Making sure haze won’t cloud exam season

 Making sure haze won’t cloud exam season

13 September 2016

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Singapore —   With thousands of students taking their year-end examinations, including the written papers for the Primary School Leaving Examination (PSLE), from this month, schools across Singapore are not taking any chances with air quality.

Schools told The Straits Times they will hold exams in enclosed spaces with air purifiers in any case, to avoid disruptions if there are abrupt changes in air quality.

South View Primary School’s principal, Madam Sharida Batcha Sahib, said the exam venues within the school will allow pupils to “continue with the exams even if there is a sudden rise in the haze level”.

“Pupils will also be briefed about the situation so that they will not be distracted when they see us switching on the air purifiers in the midst of the exam,” she added.

Earlier this year, the school in Choa Chu Kang held a haze drill to familiarise pupils and staff with what they need to do if haze levels rise.

Lessons on haze are also conducted to raise awareness among the school community.

In the event of school closure, schools such as South View Primary will deploy “home-based learning” packages. These may include online assignments to ensure students are engaged at home.

Last September, schools across the island were closed for a day due to worsening haze conditions. Two O-level exams were rescheduled, affecting about 100 students.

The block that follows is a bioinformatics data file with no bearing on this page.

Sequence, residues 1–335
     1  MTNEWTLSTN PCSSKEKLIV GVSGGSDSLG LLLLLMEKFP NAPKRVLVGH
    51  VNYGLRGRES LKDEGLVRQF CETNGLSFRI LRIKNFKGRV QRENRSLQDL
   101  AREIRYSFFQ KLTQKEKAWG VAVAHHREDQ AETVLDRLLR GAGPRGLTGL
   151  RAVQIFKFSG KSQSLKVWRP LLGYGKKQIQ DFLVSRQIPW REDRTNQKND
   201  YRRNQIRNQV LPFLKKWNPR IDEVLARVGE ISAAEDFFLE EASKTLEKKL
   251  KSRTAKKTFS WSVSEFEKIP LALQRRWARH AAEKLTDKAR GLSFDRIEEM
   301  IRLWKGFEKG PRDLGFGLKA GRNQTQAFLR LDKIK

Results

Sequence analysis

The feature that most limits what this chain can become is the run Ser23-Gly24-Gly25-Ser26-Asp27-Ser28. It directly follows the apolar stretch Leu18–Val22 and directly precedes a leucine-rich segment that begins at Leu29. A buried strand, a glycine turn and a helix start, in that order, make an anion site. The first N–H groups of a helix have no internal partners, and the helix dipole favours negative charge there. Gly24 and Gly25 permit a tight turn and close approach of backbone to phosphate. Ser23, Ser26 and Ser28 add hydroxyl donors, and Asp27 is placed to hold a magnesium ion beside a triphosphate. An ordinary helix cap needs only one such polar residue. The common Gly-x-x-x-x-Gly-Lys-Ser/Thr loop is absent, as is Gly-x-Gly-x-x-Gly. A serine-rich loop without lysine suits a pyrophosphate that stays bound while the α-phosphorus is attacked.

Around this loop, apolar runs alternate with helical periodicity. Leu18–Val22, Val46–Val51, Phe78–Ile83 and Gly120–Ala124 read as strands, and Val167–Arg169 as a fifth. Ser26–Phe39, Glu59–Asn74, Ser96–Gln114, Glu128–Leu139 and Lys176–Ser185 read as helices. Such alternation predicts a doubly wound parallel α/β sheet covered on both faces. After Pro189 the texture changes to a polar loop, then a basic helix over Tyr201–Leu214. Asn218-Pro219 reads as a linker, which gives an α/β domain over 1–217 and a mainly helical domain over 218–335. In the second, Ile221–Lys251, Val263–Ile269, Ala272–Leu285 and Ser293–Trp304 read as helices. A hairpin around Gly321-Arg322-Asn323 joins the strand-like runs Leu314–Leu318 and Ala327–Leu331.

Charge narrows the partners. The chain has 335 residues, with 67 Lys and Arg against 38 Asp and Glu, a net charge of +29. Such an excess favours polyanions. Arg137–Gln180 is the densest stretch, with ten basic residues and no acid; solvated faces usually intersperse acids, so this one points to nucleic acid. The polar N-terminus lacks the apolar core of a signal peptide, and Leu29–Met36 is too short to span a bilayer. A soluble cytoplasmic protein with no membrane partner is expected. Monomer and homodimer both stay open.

Schools contacted say they have precautionary measures in place in the event the haze situation worsens during normal school days.

Compassvale Primary, for example, will reduce the intensity of physical education lessons and co-curricular activities, and conduct them indoors if necessary.

Mr Chua Choon Guan, the school’s principal, said his teachers have been asked to keep a lookout for pupils who are unwell.

In its reply to queries, the Ministry of Education (MOE) said that all school classrooms have been equipped with air purifiers.

Earlier this year, Acting Education Minister (Schools) Ng Chee Meng said installing air purifiers in classrooms will “further enhance the well-being of our students and staff during a haze situation”.

The ministry added that if the 24-hour Pollutant Standards Index is in the very unhealthy range of 201 to 300, doors and windows would be closed and air purifiers turned on.

“Schools have been advised to reopen windows or doors periodically or when the outdoor air quality improves to provide better ventilation and relief from thermal heat build-up in the classrooms,” said an MOE spokesman.

“As always, classroom fans will be kept on at all times to ensure the thermal comfort of the students.”

Madam Sharida said if haze levels rise, those who are not well or have pre-existing health conditions will be moved to air-conditioned rooms with air purifiers. They will be closely monitored and their parents will be alerted if necessary, she added.

MOE is closely monitoring the haze situation. Adding that schools have been briefed on the measures to be taken during a haze situation, it said: “As we approach the examination period, the health and safety of candidates and examination personnel remain the top priority.”

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